Generous Prayerful Discernment
- Author: Salt Writer
- Updated: 11/23/2009
- Copyright: Stewardship Resources Evangelical Lutheran Church in America, 8765 West Higgins Road, Chicago, IL 60631. Any part of Salt Seasonings can be reproduced for local use with attribution.
As a leader you can embody and encourage prayerful discernment by asking God to bless it.
Generous Prayerful Discernment
"And when you turn to the right or when you turn to the left, your ears shall hear a word behind you, saying, "This is the way; walk in it." Isaiah 30:21
In the foreword to the Congregational Leaders Series from Augsburg Fortress (Augsburg 2002), one passage describes a peculiar congregational behavior. To paraphrase, "How often do we start a ministry and then ask God to bless it, regardless of whether the ministry was God's idea in the first place?"
Be completely honest as you answer these questions:
At my congregation, how often do we ask God for guidance before we act?
What might be different if we asked for guidance even more than we do?
What mistakes might we have avoided if we asked more questions?
When we look at questions like these they seem very obvious, and it's not much of a leap to start asking, "What does this have to do with stewardship?"
Every congregation wants to grow more generous givers. Generosity, which Galatians 5:22 names as a fruit of the Spirit, almost always requires the involvement of someone other than ourselves. Think about it. It's much easier to develop habits of generosity when we reach out to someone else.
So by asking God to guide our decision-making, we set the stage for not just generous giving, but holistic, whole-life generous living! And God makes this promise: "Ask, and it will be given you; search, and you will find; knock, and the door will be opened for you" (Matthew 7:7). You may remember that from Sunday school, but do you really rely on that truth?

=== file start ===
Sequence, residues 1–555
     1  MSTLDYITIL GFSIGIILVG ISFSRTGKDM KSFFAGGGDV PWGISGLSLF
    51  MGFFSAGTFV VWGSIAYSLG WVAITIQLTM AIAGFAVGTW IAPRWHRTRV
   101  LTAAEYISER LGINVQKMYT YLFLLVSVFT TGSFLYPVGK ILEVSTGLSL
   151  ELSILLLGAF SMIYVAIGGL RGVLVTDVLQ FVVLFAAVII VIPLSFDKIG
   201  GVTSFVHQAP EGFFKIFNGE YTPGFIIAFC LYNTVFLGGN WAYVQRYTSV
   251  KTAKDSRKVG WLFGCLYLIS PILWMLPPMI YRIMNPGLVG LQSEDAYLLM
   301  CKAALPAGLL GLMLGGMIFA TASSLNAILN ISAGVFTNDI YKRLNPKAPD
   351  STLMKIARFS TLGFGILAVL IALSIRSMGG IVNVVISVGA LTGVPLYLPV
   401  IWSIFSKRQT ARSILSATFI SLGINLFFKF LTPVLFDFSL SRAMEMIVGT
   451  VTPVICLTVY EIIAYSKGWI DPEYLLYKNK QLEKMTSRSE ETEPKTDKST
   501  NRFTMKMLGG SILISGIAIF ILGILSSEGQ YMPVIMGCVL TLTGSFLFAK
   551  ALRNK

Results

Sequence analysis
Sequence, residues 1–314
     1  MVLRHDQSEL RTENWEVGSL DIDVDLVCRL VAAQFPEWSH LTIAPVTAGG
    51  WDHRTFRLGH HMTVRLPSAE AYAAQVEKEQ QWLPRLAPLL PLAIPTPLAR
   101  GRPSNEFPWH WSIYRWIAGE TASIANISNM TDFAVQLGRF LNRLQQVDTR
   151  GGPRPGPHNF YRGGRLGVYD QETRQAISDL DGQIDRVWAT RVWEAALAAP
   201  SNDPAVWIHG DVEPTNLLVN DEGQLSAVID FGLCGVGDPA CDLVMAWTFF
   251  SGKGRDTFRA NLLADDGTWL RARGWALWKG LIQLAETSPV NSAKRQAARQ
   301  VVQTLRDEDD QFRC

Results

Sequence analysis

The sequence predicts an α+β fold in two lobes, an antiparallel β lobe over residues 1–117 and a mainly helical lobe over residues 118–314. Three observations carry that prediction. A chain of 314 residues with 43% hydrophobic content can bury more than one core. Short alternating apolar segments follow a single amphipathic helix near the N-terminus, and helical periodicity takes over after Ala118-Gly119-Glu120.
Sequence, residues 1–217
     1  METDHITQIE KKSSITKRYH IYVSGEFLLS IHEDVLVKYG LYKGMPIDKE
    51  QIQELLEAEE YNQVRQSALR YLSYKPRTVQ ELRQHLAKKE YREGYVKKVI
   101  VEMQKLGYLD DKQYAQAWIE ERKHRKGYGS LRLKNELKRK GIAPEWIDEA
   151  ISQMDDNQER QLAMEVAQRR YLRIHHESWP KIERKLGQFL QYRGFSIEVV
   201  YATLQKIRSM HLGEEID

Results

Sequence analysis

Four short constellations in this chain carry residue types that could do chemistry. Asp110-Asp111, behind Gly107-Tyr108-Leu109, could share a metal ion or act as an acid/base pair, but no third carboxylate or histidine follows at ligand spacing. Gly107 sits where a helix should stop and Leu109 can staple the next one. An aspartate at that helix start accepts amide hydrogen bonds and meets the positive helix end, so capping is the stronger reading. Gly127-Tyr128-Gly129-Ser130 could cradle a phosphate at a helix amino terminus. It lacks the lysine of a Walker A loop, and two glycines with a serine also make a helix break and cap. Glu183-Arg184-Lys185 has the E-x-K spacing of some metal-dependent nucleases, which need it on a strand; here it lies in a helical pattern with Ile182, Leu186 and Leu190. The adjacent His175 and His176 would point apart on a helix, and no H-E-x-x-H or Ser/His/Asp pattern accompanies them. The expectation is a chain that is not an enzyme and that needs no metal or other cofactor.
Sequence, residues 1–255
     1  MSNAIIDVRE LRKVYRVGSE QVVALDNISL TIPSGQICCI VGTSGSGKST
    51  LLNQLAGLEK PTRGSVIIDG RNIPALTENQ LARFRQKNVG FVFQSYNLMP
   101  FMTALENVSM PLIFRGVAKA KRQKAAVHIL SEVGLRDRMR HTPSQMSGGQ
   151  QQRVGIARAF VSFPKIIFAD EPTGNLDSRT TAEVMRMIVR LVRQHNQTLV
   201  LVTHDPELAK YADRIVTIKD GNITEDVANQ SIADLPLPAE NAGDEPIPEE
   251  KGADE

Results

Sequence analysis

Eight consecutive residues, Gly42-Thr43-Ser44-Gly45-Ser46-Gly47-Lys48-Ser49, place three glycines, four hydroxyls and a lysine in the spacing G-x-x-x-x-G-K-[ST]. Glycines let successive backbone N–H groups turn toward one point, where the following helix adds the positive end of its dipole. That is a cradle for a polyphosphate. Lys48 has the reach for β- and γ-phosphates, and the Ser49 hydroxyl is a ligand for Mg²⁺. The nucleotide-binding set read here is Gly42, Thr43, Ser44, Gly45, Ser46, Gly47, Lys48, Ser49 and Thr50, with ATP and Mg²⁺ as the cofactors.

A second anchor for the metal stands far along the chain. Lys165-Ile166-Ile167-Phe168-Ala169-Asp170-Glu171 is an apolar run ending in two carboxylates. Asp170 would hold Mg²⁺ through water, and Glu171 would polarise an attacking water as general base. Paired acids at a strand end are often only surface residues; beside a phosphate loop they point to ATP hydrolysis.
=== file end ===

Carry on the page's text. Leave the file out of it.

Imagine the impact on your congregation if every member asked in prayer for God's help to grow in giving. You might pray, "Lord your word guides us to ask, search and knock. Please show me the secrets of being generous in the life of faith. Since that often takes more than one person, bring the right people into my life so that I can be generous to them. Thanks Lord. In Jesus name. Amen."
If every member of your congregation committed to learning to be generous according to God's plan, you might have to re-name the stewardship team. Can you imagine a Generosity Team? Or what about a Munificence Ministry? (Just so you know, munificence means "bestowing: lavishness characterized by great generosity" according to the Miriam-Webster dictionary, 2001 edition.)
But here's the scary part. Not only would every member of your congregation have to pray, but every member would have to listen to what God says as well.
What questions does your congregation ask God during prayer times? If your congregational leaders spend quiet, private time in prayer during meetings, praying for each other, but how could you build on that idea?
That does put a premium on our relationship with God, as "There is a difference between knowing the Lord and knowing things about the Lord."
One crucial piece of information is missing. "Test everything; hold fast to what is good (1 Thessalonians 5:21).
So how do you test what God is saying to you?
How do you know where God is leading?
Here's the test: Do the things that you feel God is leading you to do happen?
Are your prayers answered?
Prayerful discernment is a change in orientation. Living by faith rather than by sight can be a troubling way to make decisions for congregations that have gotten out of the habit. But it works, and if you need reassurance look at 1 John 5:14: "And this is the boldness we have in him, that if we ask anything according to his will, he hears us." There's no better reassurance than that.
Stewardship Resources Evangelical Lutheran Church in America, 8765 West Higgins Road, Chicago, IL 60631. Any part of Salt Seasonings can be reproduced for local use with attribution.